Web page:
Valentine’s powerlifting talent grows
Powerlifting has quickly become a way of life for William Valentine.
Last month, the 2016 Manson Northwest Webster graduate was rewarded for all his hard work and determination by earning top honors in the 100kg Raw weight class in the 18- and 19-year-old junior men’s division at the USPA National Powerlifting Championships.
Valentine, who now lives in Somers, competed in the deadlift, squat and bench press against California residents Julio Reyes and Manvir Dhanoa at the Golden Nugget Hotel and Casino in Las Vegas, Nev.
His winning total was 1,362 pounds.
“I had to qualify in April at another meet to make nationals,” Valentine said. “I was initially going to nationals to break the world record in the squat, but I had health issues the day before. I was cutting weight, which drained all the water from my body to the point that I couldn’t see and was low on nutrients.
“I ended up bumping up a class to 220, so I could get some fluids back in me.”
Valentine deadlifted 529 pounds, squatted 524 and benched 309 en route to his title.
“The world squat record for juniors 18 and 19 in the 198-pound weight class is 551 pounds,” said Valentine. “I previously was hitting squats at 565 to 570 before my health issues. My goal now for April is to be in the 181-pound weight class.
“I’m hoping to squat 600, bench 350 and deadlift 630.”
Since he first began powerlifting in February of 2014, Valentine has noticed a dramatic increase in his overall strength.
“When I first started, I was around 240 pounds with a body fat percentage close to 45 percent,” Valentine said. “I squatted 90, benched 70 and didn’t deadlift at all, because I was afraid I was going to get hurt.
“I was really weak. I lost a bunch of weight and got into shape.”
In high school, Valentine tried baseball, football and wrestling.
“I had a bad concussion and asthma that didn’t really mix, and I had a torn labrum in my right shoulder that I needed surgery on,” said Valentine. “I initially started working out for baseball. I made my own training, but I didn’t really notice a huge increase in my performance.”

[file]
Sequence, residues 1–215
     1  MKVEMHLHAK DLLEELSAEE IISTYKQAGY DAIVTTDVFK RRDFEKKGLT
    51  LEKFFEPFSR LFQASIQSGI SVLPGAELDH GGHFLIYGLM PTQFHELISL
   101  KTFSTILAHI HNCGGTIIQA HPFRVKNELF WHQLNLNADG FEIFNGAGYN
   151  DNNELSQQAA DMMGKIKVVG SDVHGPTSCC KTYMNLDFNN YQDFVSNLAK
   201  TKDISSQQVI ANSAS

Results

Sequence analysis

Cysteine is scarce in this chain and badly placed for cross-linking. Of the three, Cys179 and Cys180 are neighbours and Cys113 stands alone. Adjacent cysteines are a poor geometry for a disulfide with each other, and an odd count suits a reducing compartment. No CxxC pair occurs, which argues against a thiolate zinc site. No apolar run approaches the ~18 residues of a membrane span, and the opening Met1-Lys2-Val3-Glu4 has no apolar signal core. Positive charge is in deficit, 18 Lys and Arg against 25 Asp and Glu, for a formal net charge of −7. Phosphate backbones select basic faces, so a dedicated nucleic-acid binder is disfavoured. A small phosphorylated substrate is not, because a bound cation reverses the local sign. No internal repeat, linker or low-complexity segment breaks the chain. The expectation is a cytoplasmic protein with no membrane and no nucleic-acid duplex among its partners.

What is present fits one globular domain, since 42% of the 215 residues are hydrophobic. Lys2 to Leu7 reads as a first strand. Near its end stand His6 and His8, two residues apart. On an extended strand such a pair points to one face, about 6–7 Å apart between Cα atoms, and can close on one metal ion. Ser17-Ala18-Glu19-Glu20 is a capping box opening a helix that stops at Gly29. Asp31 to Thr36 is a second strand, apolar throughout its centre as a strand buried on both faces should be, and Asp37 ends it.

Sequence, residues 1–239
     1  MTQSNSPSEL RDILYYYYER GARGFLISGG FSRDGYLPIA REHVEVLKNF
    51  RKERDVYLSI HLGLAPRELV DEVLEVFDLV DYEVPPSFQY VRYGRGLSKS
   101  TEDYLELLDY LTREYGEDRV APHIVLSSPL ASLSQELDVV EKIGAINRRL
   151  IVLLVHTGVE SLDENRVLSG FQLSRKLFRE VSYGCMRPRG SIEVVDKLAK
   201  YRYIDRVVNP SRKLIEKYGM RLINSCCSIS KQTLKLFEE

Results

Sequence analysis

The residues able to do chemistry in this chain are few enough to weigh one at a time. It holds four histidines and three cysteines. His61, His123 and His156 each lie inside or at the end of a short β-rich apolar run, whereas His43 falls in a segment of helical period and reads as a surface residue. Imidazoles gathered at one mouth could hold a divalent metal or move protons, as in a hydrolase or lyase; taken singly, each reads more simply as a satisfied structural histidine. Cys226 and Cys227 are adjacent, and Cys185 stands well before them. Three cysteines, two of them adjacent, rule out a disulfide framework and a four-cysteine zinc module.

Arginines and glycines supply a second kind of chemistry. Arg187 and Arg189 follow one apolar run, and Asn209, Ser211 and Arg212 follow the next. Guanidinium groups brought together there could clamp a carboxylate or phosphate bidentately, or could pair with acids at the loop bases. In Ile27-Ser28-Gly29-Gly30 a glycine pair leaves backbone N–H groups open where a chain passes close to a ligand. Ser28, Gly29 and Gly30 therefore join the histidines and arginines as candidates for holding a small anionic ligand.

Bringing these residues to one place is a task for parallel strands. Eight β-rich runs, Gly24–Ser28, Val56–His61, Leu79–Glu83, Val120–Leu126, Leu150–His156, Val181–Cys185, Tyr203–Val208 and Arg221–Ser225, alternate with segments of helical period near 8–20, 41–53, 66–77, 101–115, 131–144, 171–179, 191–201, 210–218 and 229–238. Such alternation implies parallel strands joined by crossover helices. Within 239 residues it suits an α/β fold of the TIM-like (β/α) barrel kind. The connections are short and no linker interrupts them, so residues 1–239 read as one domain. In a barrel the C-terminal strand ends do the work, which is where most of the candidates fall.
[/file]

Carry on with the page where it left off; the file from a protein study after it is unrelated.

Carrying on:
Josh Sturgis, the Manson Area Community Center director, helped Valentine launch his new career.
“Josh got me started, and I soon went off on my own using the things he taught me,” Valentine said. “I totaled 1,080 pounds at my very first competition in March of 2015.
“I did it to become healthier. One of my friends at the gym told me I had a real knack for squatting. I went from one of the weakest to one of the strongest in just a couple of months.”
Valentine has spent countless hours studying up on his favorite activity of choice. He recently hired his own coach and nutritionist for his next meet in Florence, Kent.
“I read one article or watch one video every night or morning to learn from guys like Steve Goggins and Ed Coan,” said Valentine. “My goal isn’t really to get famous. I want to be the best I can be, but I also want to help other people reach their dreams.”
Valentine plans to major in exercise science at Iowa Central Community College. He eventually hopes to pursue a master’s degree in kinesiology at either the University of Iowa or Iowa State University.
“This is something I plan on doing for the rest of my life,” Valentine said. “I’d like to get involved in strength and conditioning in high schools.”